Monday, September 19, 2011

Online gamers help scientists unravel AIDS-related enzyme

I'm going to copy and paste an entire article here.  The source for the article is Yahoo! News .  Normally I don't do this, but I've seen too many of these "news" articles expire and disappear, and I don't want it to happen to this one.

This article illustrates two things.  The first thing is a "serious game," a ten-percent slice of the gaming industry, where gaming hardware and software is used to do serious work.  And this is a pretty exciting serious game.  The second thing is an intersection between gamers and scientists, showing how the power of online gaming can be harnessed to benefit society.  No, seriously.  Okay, there's a third thing.  This is a phenomenon known as crowdsourcing, where someone turns a crowd of marginally-skilled people loose on a problem that is way beyond their individual capabilities, and working as an unorganized crowd, they are able to solve the problem.

Okay, on with the show.

Online gamers have achieved a feat beyond the realm of Second Life or Dungeons and Dragons: they have deciphered the structure of an enzyme of an AIDS-like virus that had thwarted scientists for a decade.
The exploit is published on Sunday in the journal Nature Structural & Molecular Biology, where -- exceptionally in scientific publishing -- both gamers and researchers are honoured as co-authors.
Their target was a monomeric protease enzyme, a cutting agent in the complex molecular tailoring of retroviruses, a family that includes HIV.
Figuring out the structure of proteins is vital for understanding the causes of many diseases and developing drugs to block them.
But a microscope gives only a flat image of what to the outsider looks like a plate of one-dimensional scrunched-up spaghetti. Pharmacologists, though, need a 3-D picture that "unfolds" the molecule and rotates it in order to reveal potential targets for drugs.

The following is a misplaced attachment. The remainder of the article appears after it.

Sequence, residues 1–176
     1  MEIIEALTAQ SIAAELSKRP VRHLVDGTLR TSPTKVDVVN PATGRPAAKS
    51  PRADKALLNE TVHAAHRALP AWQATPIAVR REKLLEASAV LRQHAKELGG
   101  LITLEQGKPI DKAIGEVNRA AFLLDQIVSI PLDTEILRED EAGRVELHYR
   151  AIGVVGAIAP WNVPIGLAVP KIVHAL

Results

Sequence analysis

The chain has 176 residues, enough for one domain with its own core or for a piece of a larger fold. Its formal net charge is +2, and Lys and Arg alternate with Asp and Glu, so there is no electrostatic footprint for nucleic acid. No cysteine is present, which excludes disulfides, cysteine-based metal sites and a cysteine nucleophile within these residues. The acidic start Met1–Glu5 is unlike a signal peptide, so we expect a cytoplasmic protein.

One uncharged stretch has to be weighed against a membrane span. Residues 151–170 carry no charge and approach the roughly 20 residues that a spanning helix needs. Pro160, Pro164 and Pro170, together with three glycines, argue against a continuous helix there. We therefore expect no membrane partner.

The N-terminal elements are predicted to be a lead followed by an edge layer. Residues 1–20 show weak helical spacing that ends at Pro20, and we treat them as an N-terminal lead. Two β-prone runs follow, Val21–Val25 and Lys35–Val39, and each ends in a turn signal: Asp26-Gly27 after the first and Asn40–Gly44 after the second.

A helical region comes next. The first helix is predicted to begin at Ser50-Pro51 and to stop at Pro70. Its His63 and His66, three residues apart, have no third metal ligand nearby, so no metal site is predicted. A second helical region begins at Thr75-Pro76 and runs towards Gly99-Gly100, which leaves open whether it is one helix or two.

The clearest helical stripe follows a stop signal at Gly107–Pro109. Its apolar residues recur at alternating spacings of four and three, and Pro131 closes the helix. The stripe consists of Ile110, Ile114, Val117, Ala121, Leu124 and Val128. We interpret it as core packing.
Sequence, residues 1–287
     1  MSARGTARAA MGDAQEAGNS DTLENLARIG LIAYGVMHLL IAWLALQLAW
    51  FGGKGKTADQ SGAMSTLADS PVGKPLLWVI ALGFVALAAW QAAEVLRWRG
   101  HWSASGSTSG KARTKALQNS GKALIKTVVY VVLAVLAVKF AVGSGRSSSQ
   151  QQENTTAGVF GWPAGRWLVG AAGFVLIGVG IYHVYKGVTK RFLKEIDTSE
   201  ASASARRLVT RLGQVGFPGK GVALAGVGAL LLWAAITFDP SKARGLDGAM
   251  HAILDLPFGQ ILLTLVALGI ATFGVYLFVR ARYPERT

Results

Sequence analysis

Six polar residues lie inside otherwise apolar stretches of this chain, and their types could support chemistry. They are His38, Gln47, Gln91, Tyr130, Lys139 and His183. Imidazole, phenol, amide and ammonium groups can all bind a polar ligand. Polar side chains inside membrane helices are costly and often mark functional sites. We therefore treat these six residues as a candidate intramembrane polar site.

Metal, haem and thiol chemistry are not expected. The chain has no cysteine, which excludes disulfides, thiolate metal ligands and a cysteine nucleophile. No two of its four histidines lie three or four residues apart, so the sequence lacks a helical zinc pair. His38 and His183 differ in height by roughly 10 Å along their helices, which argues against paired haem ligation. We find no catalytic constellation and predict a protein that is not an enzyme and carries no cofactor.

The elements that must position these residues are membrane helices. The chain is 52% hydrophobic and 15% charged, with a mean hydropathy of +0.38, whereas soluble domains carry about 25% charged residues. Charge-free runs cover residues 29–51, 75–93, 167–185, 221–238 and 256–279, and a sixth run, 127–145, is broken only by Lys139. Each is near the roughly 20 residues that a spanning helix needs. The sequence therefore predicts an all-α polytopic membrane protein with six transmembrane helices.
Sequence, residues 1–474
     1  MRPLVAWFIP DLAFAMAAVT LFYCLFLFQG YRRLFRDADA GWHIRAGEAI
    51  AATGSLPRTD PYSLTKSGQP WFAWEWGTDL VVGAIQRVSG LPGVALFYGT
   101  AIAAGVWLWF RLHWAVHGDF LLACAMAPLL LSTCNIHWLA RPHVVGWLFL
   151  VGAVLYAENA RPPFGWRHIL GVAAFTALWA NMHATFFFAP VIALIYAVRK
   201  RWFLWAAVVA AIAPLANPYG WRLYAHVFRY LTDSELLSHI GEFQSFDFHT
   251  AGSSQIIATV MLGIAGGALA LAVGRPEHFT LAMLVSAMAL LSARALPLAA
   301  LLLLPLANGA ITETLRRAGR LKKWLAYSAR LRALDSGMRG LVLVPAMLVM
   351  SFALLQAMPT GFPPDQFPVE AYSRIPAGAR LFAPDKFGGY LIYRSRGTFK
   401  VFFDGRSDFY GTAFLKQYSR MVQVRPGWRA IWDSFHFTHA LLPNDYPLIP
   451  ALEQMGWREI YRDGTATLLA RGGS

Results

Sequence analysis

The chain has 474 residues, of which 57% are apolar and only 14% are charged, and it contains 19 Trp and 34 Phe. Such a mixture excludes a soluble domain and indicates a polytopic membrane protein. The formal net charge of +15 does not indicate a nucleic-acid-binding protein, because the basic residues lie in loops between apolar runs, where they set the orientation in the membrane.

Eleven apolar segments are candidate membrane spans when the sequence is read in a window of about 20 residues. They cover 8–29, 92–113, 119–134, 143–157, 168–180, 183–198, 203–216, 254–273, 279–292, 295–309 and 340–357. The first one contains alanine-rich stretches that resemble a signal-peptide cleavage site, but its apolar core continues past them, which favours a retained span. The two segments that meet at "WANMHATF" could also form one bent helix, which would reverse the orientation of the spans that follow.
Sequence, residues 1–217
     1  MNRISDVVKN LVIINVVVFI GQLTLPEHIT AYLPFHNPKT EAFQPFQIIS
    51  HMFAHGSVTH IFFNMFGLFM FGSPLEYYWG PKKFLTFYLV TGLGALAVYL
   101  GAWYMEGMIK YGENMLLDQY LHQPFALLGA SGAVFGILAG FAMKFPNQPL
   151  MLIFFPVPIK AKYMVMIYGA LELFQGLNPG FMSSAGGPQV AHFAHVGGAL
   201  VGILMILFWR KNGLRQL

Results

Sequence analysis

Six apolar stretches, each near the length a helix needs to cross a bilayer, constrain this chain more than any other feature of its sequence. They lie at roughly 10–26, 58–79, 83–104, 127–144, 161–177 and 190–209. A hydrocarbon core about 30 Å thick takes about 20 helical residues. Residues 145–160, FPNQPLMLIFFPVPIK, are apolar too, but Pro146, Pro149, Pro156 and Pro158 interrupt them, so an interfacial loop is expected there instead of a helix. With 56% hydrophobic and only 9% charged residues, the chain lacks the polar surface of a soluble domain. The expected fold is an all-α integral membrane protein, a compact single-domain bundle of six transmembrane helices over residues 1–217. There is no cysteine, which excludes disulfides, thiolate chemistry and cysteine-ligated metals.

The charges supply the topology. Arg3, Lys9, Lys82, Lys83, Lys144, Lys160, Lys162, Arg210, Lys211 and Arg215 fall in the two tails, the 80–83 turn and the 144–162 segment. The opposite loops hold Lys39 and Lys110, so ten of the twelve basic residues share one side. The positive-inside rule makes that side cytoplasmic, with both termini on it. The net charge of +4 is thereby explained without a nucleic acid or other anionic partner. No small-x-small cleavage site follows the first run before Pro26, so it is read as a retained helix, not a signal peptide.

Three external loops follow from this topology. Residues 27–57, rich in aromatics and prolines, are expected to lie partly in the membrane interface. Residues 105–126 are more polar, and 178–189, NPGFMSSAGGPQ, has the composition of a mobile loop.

This is where Foldit comes in.
Developed in 2008 by the University of Washington, it is a fun-for-purpose video game in which gamers, divided into competing groups, compete to unfold chains of amino acids -- the building blocks of proteins -- using a set of online tools.
To the astonishment of the scientists, the gamers produced an accurate model of the enzyme in just three weeks.
Cracking the enzyme "provides new insights for the design of antiretroviral drugs," says the study, referring to the lifeline medication against the human immunodeficiency virus (HIV).
It is believed to be the first time that gamers have resolved a long-standing scientific problem.
"We wanted to see if human intuition could succeed where automated methods had failed," Firas Khatib of the university's biochemistry lab said in a press release.
"The ingenuity of game players is a formidable force that, if properly directed, can be used to solve a wide range of scientific problems."
One of Foldit's creators, Seth Cooper, explained why gamers had succeeded where computers had failed.
"People have spatial reasoning skills, something computers are not yet good at," he said.
"Games provide a framework for bringing together the strengths of computers and humans. The results in this week's paper show that gaming, science and computation can be combined to make advances that were not possible before."

Again, I did not write this.  Yahoo! News owns the copyright.  If they ask me to delete it, I will comply and rewrite the story in my own words.  But they did a fine job at it, and I'd prefer not to change a single word.

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